Ultimately, however, our citizenship is only in heaven. We can never be about our country. We are ambassadors of Christ and must always remember that fact. Continue reading “Christian Citizenship”

Salvation: Sharing in the Life of the Triune God

One of the most mind-boggling verses in all the Scriptures may be: “I have given them the glory that You gave Me, that they may be one as We are one, Father, You in Me and I in them. May they be brought to complete unity that the world may know that You sent Me and have loved them even as You have loved Me.” The Scriptures abound with similar promises. “To him who overcomes, I will give to sit with Me on My throne, even as I have overcome and sat down with My Father on His throne.” “I know My sheep and My sheep know Me, even as I know the Father and the Father knows Me.”

The goal of the Christian life, salvation itself, is, apparently, a participation in the life of the Trinity. This may well be the greatest mystery in Christianity; Continue reading “Salvation: Sharing in the Life of the Triune God”

Christian Forgiveness: As God in Christ Forgave You

There are a lot of lies about forgiveness that people, even Christians, spread.

When He was being nailed to the cross, Jesus prayed, “Father, forgive them, for they do not know what they do.”

Later, St. Paul would write to the Christians, “Forgive, just as God in Christ forgave you.”

Forgiveness starts with God. It is a free gift of grace. Jesus bore our sin. He was nailed to the cross to provide for our forgiveness. He felt our sin in all its magnitude, horror, and depth of evil so that He could forgive – really forgive – us. He suffered all the hurt and evil of our sin, and so forgave us.

That is why we forgive: because God has forgiven us so much more. Continue reading “Christian Forgiveness: As God in Christ Forgave You”

Faith: The Sight of the Soul Upon God

Sometimes, people wonder whether faith comes before regeneration or the other way around. Other times, people trust in and look to faith, or what they think is faith, instead of God. I believe that all these issues (and maybe more besides) stem from a misunderstanding of what faith is.

“Now, faith is the confidence of things not seen and the assurance of things hoped for.” That’s from Hebrews. In 2nd Corinthians, Paul writes, “We fix our eyes not on what is seen but on what is unseen, for what is seen is passing away, but the things which are not seen are eternal.” Continue reading “Faith: The Sight of the Soul Upon God”

How Should We, as Christians, Respond to ISIS?

How should we, as Christians, respond to ISIS?

For most things, clarification and disentangling of different meanings present in a word is helpful. I believe that by ISIS we generally mean two things at the same time which together form one thing; namely a group of people who do certain types of despicable things. Firstly, we mean the actions of ISIS. Secondly, we mean the individuals in ISIS. We do not have to feel the same way about both (besides the fact that we could not, even if we wanted)! In order to determine how we should respond to ISIS we are going to try untangle how and why we feel the way we do, why we do not have to, why ISIS is what they are, and how we (being who we are) should react to them (being who they are).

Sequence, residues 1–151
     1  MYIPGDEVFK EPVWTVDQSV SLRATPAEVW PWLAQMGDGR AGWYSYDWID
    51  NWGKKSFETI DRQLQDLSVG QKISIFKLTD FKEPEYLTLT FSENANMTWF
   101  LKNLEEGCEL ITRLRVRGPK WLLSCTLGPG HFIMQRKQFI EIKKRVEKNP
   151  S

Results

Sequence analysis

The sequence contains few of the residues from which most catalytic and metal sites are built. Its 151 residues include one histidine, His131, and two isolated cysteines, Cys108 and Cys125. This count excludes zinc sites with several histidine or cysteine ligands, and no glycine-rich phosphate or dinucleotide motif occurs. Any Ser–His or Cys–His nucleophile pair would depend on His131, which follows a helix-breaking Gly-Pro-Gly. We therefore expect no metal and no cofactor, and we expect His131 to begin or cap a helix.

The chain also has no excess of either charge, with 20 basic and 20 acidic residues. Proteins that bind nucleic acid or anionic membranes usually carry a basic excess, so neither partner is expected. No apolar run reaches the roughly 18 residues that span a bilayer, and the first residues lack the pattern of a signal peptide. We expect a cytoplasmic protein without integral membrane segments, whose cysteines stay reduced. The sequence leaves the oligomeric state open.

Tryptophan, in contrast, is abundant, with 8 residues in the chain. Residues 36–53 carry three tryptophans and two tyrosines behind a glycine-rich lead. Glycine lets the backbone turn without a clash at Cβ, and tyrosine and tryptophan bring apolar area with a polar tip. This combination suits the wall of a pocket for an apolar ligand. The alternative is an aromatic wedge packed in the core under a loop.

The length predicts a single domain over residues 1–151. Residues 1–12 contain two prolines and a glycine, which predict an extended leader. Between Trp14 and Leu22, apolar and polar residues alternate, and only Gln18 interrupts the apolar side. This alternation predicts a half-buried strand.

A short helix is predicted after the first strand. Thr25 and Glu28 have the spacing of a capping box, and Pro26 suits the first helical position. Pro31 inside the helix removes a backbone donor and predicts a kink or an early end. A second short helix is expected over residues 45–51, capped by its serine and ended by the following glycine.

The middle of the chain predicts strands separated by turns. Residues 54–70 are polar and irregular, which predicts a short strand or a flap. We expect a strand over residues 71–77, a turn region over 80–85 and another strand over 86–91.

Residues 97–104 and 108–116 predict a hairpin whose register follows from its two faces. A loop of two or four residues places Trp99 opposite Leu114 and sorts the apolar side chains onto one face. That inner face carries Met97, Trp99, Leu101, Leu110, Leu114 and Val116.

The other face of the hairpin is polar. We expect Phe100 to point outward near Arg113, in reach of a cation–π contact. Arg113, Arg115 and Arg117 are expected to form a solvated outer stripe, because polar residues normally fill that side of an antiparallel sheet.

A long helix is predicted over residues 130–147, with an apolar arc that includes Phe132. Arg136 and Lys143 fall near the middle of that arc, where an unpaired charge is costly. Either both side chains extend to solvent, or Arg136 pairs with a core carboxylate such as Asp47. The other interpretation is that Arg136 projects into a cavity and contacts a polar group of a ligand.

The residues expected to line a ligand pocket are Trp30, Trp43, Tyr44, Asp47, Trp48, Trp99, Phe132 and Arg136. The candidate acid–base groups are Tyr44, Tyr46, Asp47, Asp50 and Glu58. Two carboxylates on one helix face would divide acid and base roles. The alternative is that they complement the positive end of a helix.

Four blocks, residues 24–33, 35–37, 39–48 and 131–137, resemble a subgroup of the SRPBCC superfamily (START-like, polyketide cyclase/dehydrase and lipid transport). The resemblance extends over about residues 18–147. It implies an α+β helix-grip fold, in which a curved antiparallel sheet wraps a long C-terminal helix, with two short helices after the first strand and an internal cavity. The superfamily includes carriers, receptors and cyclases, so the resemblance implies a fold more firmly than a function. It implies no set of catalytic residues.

Our Fear of ISIS

I am not, here, interested in the probability of ISIS doing certain things or the power of ISIS to do these things. In some ways, I think, this is simple enough. We are afraid of ISIS and, since fear is a horrible emotion to feel, we try to dull it with hatred. Further, the actions of ISIS are, in fact, completely worthy of hatred. First, why are we afraid? What exactly are we afraid of? Continue reading “How Should We, as Christians, Respond to ISIS?”

I Will Look Upon Your Face in Righteousness: How Can I Envy Though My Enemies Have All Their Desire

I was reading Psalm 17:15 and verse 15 specifically stood out to me. “As for me, I will look upon Your face in righteousness, I will be satisfied when I awake in Your likeness.” In the context on the previous verses, “Arise, O YHWH, confront him, bring him low; Deliver my soul from the wicked with Your sword and from men with Your hand, O YHWH, from men of this world whose portion is in this life and whose belly You fill with Your treasure; They are satisfied with children, they leave their abundance to their babes,” 15 is powerful. It is as if David is saying, “How can I envy, even though my enemies have all their desire? Yes, Lord, give my enemies all that this world can offer, if You will. It does not concern me. I have something far greater, far better, far more everlasting. I shall look upon Your face in righteousness, I shall be satisfied with Your likeness when I awake, You who are my only good. [Ps. 16:2]” Continue reading “I Will Look Upon Your Face in Righteousness: How Can I Envy Though My Enemies Have All Their Desire”

Authority: Romans 13 in the Context of Life in America

A while ago I was reading a book where the following was recounted, in more detail: a man is preaching about Jesus to a group of people who’ve gathered to listen. Another man shows up and tells him to stop. He ignores the man telling him to stop until he notices that the man is a police officer, at which point he perceives his demands to be authoritative and complies.

I don’t wish to criticize the individual in question. I don’t know the particulars of the situation; maybe he was blocking a route and it really was appropriate for him to move. What really bothered me about the story was actually where and how the writer told it; he was using it to illustrate the weight of authority. As such, it is singularly unhelpful and even harmful. Continue reading “Authority: Romans 13 in the Context of Life in America”